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  #279  
Old Posted Apr 30, 2012, 9:09 PM
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I'm feeling an urge to sweep out the darkroom and buy some chemicals and 120 B&W film. Neither of these sweet things has been outdoors in several years, and it's a shame to let them languish.




The one on the left has a f/3.5 75mm lens and dates to 1951. It was my aunt's camera, and it was her fault that I got hooked on the habit of photography.

I bought the one on the right in 1967, used, for $270 from a pro I knew who had it for a backup camera and rarely used it. He bought it new in 1955. It has a f/2.8 75mm lens. Both are fully manual cameras, with no meters or electronics whatever. I have the original Rollei leather cases and chrome lens caps for both cameras.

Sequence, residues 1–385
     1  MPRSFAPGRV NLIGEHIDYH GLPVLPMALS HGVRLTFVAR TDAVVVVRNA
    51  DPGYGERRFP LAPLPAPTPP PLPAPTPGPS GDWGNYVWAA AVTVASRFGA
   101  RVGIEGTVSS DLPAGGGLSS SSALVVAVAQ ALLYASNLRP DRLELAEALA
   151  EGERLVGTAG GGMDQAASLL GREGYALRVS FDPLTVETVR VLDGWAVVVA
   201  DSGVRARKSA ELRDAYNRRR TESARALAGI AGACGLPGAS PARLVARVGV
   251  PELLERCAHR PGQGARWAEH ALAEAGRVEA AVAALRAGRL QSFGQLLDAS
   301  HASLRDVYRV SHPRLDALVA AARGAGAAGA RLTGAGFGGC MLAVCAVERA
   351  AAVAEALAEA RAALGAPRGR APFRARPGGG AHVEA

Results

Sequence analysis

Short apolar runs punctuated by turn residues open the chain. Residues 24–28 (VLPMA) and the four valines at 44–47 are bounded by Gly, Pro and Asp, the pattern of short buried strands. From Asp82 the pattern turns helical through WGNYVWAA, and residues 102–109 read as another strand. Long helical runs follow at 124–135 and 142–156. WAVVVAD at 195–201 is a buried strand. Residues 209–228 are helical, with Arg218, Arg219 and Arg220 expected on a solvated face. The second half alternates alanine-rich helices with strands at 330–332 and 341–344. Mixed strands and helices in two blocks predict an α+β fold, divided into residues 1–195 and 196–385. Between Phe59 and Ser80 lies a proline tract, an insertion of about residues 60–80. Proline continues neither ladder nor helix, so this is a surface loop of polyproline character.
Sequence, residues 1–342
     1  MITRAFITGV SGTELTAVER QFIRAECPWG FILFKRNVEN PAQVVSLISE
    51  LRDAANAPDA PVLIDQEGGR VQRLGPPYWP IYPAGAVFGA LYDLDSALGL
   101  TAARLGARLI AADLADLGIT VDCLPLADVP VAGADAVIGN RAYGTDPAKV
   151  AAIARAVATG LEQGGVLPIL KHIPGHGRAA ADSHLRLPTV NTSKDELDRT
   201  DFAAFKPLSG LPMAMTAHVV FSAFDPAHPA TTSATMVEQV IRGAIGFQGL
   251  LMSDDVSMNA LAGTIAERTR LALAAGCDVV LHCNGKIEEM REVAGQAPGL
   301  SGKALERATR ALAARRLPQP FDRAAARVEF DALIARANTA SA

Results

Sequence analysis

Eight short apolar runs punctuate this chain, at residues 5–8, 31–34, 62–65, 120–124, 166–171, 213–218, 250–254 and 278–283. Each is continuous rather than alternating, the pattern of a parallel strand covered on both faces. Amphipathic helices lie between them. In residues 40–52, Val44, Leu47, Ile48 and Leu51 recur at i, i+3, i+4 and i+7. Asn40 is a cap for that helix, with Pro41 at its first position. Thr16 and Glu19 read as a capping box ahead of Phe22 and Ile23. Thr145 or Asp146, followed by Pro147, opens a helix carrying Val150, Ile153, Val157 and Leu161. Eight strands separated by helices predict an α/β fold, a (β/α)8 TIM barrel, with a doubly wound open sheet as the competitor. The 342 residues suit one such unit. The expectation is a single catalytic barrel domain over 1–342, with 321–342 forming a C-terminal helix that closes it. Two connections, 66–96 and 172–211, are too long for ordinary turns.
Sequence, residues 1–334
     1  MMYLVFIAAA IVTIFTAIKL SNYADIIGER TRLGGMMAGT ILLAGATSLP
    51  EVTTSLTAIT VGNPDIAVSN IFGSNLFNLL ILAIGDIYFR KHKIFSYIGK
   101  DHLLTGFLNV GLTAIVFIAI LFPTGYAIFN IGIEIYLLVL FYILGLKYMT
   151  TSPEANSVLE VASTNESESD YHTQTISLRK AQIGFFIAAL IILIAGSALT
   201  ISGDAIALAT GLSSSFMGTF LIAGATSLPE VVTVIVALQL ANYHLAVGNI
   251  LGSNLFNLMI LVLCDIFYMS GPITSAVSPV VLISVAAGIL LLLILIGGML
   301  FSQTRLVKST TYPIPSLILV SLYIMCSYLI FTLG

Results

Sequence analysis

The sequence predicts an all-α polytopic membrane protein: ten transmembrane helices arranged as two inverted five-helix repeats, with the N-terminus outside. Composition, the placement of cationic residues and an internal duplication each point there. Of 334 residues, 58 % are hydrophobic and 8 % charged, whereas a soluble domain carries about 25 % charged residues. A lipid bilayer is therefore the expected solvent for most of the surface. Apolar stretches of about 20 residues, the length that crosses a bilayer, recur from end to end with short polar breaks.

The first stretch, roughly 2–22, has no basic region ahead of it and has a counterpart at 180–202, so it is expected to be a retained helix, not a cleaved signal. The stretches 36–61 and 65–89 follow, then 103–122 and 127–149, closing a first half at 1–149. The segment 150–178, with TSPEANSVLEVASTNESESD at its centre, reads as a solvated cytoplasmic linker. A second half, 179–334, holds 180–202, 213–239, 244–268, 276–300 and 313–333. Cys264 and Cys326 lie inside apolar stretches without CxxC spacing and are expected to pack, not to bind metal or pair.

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  #280  
Old Posted May 1, 2012, 3:23 PM
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^^sweet. You'll have to give us a review and some sample shots after you've put it through its paces.
Got a couple up already. Just some selfies.




Ill have some more up soon. So far lens seems really awesome. Good focusing. Very quiet. I was shocked at how quiet it really is. Pictures are noticeably sharper straight out of the box. Colors match my other sigma which is a plus. This way I wont have to change settings when swapping lenses. Zoom ring is incredibly tight but I can deal with that. Easy to focus manually. Focusing ring has plenty of give. I have also been testing the difference between the internal stabilization versus the the stabilization in the lens. So far I havent noticed much difference but it is still very new and this is the first lens I have ever bought that actually has internal stabilization.